You know, because the actual Roy Halladay isn't pitching.
That's about the only good news, though. Last year, Charlie Morton was one of baseball's feel-good stories. Entering 2011 with an 11-29 record and a 5.98 ERA, Morton copied Halladay's style and went 10-10 with a 3.83 ERA.
And in 2012? Not so much.
#Pirates fans showing a quick trigger on Charlie Morton. Hasn't been good, but too early to pull the plug.— David Todd (@DTonPirates) May 30, 2012
This season, he's got a 4.65 ERA. Too early to pull the plug? First let's see how Morton did what he did last season.
Really, it was just two things:
- He upped his ground/fly ratio by 50 percent, from 1 to 1.5; and
- only three percent of the fly balls he did allow went for home runs.
The first of those figured to be at least somewhat sustainable, as you don't make that sort of statistical transformation without a fundamental change in pitching style. The second of those was not sustainable, as once a fly ball's launched, the pitcher can't do a great deal about it.
And indeed, Morton's ground-ball ratio is still pretty good this season. More than pretty good, actually. Last season he ranked third in the National League, with a 58.5-percent ground-ball percentage; this season he's fourth, at 56.2 percent.
Also, Morton's strikeout-to-walk ratio this season is significantly better than last season, going from 1.4 to 2.3. That's kind of a big deal. He's kept his ground-ball ratio while doing a better job of controlling the strike zone, with somewhat fewer strikeouts but half as many walks.
The problem has been home runs. Last season, Morton gave up six home runs in 172 innings and led the National League in home runs per nine innings. This season he's given up five in 50 innings.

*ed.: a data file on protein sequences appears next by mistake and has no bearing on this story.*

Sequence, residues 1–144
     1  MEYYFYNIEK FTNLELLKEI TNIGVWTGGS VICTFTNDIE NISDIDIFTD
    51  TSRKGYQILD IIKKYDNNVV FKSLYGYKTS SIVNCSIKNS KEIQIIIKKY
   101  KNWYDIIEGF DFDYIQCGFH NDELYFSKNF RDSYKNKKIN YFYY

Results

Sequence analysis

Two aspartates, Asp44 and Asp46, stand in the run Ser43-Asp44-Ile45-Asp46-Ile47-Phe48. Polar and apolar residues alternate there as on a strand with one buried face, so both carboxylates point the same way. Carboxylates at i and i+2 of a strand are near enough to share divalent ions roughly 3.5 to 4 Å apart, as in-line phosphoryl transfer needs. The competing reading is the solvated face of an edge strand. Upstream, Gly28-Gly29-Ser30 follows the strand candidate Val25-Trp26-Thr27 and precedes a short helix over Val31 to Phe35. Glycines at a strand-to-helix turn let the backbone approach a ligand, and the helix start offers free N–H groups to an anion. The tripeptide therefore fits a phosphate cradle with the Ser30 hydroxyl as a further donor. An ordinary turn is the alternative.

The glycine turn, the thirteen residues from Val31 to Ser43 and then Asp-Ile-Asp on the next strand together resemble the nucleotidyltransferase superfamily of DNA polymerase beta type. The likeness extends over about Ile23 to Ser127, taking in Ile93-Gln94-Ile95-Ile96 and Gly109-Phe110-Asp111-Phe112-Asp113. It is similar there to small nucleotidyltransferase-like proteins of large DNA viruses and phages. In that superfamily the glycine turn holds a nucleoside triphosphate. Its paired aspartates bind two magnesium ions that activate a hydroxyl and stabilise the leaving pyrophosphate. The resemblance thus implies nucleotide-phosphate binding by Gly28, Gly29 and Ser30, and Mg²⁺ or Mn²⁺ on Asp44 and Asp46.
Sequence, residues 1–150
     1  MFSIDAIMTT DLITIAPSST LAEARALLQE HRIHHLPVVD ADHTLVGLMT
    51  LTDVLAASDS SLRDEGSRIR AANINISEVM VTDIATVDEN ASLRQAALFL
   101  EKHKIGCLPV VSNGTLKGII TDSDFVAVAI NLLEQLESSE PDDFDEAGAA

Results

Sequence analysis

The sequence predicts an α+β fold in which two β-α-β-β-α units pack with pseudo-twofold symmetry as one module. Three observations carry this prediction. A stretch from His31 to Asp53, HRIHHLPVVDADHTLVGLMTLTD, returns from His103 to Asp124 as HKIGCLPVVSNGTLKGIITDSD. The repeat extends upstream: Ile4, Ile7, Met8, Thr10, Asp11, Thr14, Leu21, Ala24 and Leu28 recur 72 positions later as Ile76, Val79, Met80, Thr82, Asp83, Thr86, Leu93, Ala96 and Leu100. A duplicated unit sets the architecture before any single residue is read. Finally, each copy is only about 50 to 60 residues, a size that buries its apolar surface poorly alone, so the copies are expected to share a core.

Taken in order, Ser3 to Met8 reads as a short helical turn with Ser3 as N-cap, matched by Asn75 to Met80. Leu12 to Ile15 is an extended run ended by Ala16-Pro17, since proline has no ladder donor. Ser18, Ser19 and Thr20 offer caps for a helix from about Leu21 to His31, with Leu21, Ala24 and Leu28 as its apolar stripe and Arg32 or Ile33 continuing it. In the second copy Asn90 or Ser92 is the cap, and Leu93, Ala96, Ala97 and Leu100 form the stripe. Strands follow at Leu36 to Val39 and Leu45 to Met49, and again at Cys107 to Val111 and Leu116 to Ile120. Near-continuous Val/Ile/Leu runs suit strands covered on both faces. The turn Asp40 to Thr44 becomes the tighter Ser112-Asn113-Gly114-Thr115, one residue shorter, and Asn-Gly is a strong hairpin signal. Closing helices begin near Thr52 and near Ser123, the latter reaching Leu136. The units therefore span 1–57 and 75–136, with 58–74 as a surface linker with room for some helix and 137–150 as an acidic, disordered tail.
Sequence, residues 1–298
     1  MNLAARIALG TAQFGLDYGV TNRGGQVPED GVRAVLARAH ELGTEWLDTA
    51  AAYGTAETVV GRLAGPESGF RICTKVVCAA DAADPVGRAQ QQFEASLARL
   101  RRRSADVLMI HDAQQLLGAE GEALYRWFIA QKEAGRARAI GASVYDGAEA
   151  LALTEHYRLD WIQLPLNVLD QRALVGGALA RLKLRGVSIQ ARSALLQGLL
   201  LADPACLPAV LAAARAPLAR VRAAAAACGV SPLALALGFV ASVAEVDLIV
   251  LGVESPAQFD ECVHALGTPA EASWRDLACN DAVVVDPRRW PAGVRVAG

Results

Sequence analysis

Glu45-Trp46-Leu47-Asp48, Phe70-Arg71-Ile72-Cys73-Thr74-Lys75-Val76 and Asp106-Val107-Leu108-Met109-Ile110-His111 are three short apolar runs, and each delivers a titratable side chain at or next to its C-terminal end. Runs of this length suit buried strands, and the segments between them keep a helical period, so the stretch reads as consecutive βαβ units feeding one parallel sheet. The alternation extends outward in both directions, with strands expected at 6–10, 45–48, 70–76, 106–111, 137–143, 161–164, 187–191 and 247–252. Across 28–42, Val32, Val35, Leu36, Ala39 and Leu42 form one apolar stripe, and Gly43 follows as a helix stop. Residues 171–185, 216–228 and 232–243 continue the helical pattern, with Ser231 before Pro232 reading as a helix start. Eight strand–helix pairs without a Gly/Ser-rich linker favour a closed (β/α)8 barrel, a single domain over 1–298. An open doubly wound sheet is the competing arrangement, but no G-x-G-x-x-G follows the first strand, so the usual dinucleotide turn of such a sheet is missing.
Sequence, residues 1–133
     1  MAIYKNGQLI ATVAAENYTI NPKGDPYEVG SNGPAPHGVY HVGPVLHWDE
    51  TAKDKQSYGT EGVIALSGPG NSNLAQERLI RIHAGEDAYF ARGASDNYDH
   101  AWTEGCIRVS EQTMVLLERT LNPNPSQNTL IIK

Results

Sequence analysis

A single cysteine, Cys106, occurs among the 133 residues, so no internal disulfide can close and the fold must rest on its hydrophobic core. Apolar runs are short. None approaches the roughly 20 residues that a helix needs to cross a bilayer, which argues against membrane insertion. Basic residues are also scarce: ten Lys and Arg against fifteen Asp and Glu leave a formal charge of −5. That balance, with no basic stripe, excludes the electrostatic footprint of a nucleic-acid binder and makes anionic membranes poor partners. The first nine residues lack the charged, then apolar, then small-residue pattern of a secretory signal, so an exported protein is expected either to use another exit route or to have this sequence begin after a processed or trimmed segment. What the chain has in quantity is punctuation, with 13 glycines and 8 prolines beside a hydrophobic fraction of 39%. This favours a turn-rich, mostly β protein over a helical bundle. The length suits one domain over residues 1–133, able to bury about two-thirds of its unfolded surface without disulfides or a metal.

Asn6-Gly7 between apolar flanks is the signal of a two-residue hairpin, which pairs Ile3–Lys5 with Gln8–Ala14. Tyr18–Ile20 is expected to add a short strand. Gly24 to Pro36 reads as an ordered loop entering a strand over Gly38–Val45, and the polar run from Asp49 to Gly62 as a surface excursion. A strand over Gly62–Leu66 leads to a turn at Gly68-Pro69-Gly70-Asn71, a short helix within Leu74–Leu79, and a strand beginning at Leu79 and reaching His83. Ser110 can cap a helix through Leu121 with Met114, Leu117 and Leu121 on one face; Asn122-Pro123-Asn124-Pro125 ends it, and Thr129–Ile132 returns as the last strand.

Five's not a terrible lot of home runs. Five in 50 innings is perfectly acceptable ratio, and considering Morton's ground-ball ratio and his strikeouts and his walks, he's got all the ingredients of a successful pitcher. In fact, if we look at just the things that Charlie Morton can control -- or rather, that pitchers generally can control, which means walks and strikeouts and home runs -- he looks more like a 4.00 ERA pitcher than a 4.65 pitcher. And of course 4.00 is just a hair higher than last season's 3.83.
All of which is to suggest that the 2012 Morton is basically the 2011 Morton.
So there's no reason for concern? That depends on how you define "reason". In his last six starts, Morton's 1-5 with a 5.67 ERA. If he's nursing some sort of injury, I would be concerned. But if he's healthy, I would guess it's merely a six-start burp.
Yes, it's too early to pull the plug on Charlie Morton. Far too early. Kevin Correia, on the other hand ...